Recorded at St Andrews Church, Toddington, UK 24 – 26 August 2001
Produced and Engineered by Philip Hobbs
Post Production by Julia Thomas
Photography by Amit Lennon
"The guitar is no more than a cowbell , so easy to play... that there isn't a stable boy who isn't a musician of the guitar” Sebastian de Covarrubias (1611)
"The exact contrary of what is generally believed is often the truth." Jean de la Bruyere (1645-1696)
Something interesting happened in the 1580's. The renaissance guitar (think of a ukulele, its direct descendant) was enlarged and given a 5th string. This new instrument was perfect for strumming and people just couldn't help themselves, they chucked the rules of polyphony out the window and started having fun on the guitar (Its first method book teaches you how to strum your way through a Palestrina mass!) A guitar craze started which spread through Europe and lasted over a century. The guitar was played by almost everyone, from Spanish stable boys to the crowned heads of Europe and by the middle of the 17th century there was a tremendous variety of music for it, from simple strummed chord patterns to some of the most complex and subtle music ever written for a plucked instrument. The apex of this pyramid of quality is occupied by the figure of Francisco Corbetta. In his music the guitar found a voice which allowed it to match in refinement and expressiveness the best solo music for the Viol, Harpsichord or Lute.
Corbetta's life as a wandering virtuoso was filled with incident and adventure and if the rough sketch we can reconstruct at this distance is anything to go by, the loss of his memoirs (mentioned by Adam Ebert in 1701) is a tragedy. He settled on the guitar early; his obituary in the Mercure Galant tells us ' From his youth he was so fond of this instrument that his parents, who had destined him for something different, used caresses and menaces in vain to detach him from it.' He published his first book of guitar music in 1639 [at about the age of 20] and then left Italy and headed north. After successes in Vienna, Hanover and Brussels, he travelled to Spain (where they were still talking about him 30 years later; Gaspar Sanz calls him El mejor de todos – “the best of all”). This was followed by an invitation to Versailles from the Cardinal Mazarin, where he not only taught the guitar to the young Louis XIV, but also had the honour of dancing alongside him in one of the Ballets de Court, the music to which was by another Italian guitar playing friend of Louis: Jean-Baptiste Lully.
He also moved in expatriate English circles and when Charles II returned to England, Corbetta came with him. This earned him some sour entries in Samuel Pepys' diary; Pepys preferred the music of the lute and found the guitar irritating:
August 5, 1667
“After done with the Duke of York, and coming out through his dressing room, I there spied Signor Francisco tuning his guitar, and Monsieur de Puy, with him who did make him play to me which he did most admirably- so well that I was mightily troubled that all that pains should have been taken upon so bad an instrument."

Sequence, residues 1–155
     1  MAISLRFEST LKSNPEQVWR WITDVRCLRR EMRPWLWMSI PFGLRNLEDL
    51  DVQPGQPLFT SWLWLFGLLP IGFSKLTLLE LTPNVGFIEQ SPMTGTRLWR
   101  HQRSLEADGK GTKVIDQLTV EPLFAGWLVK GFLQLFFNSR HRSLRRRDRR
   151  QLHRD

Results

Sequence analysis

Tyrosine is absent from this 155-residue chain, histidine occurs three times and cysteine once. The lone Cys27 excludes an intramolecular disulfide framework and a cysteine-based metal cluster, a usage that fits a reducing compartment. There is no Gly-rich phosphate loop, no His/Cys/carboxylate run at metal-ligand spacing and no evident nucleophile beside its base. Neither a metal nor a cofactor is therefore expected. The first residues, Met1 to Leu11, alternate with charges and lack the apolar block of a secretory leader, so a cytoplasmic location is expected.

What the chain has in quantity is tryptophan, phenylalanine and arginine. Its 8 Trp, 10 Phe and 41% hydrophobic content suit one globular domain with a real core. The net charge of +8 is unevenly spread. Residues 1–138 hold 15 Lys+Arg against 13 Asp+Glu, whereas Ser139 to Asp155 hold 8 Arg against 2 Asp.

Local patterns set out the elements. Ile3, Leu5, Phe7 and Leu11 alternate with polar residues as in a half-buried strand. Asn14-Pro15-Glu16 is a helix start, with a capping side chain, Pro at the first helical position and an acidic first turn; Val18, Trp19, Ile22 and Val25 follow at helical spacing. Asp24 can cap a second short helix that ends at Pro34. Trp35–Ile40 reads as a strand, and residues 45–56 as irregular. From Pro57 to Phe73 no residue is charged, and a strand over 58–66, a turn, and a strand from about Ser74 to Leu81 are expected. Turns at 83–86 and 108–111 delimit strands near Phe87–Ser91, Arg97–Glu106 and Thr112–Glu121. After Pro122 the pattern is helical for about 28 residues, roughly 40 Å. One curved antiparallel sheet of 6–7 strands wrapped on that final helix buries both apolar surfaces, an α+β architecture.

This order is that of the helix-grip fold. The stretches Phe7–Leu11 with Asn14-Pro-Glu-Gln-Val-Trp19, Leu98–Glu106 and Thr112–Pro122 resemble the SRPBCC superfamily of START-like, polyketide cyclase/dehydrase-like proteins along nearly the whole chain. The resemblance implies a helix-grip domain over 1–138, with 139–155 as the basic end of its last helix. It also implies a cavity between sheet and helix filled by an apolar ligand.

However, it didn't take Pepys long to fall under the guitar's spell and the Pepys library in Cambridge contains a substantial amount of guitar music, some of it by Pepys himself!
Corbetta lived in London for a few years as part of the King's “Private Music”, playing and teaching the royal brothers as well as other members of the nobility. I've got a feeling that the quick disappearance of the guitar from English musical life during the reign of William and Mary had to do with its association with James (who was a keen amateur of the guitar, whatever his motivations might have been) and Catholicism.
Corbetta also used his royal influence to set up a complicated confidence game called “The Catalan Lottery” and after swindling a number of people he left for Paris under a cloud. Although he was to return to London on several occasions (including a concert in the Whitehall Palace for Charles and the court just a few days before Charles' death), Paris became his main address until his own death in 1681.
It was in Paris that Corbetta published his last two books of music: 'La Guitarre Royalle' in 1671, and [rather confusingly] 'La Guitarre Royalle' in 1674. The first collection is his largest work and the source of most of the music on this recording. It's dedicated to Charles II and is filled with extended suites and complex character pieces, many of them dedicated to members of the English and French nobility. The second 'Guitarre Royalle' is dedicated to Louis XIV and includes some extraordinarily chromatic guitar duets and solos mostly in the strummed style. This was apparently Louis' favourite sort of music:
I had wanted to conform myself to the style of music most pleasing to your Majesty; The most delicate, the most chromatic and the least encumbered.
Louis was evidently a connoisseur of chromatic harmony as the exquisite miniatures in this collection are almost impressionist in their effect, with many strange and unresolved dissonances.
When Corbetta died in 1681 he was widely mourned, poems were published referring to him as 'The Amphion of our Times' and the Mercure Galant rather chauvinistically claimed him for the nation: He finally returned to France to signalize by his death the regret he felt at not having spent all his life there. Guitarists continued to play his music for another 70 years but, perhaps because his music survived only in tablature, the rest of the world forgot him quickly.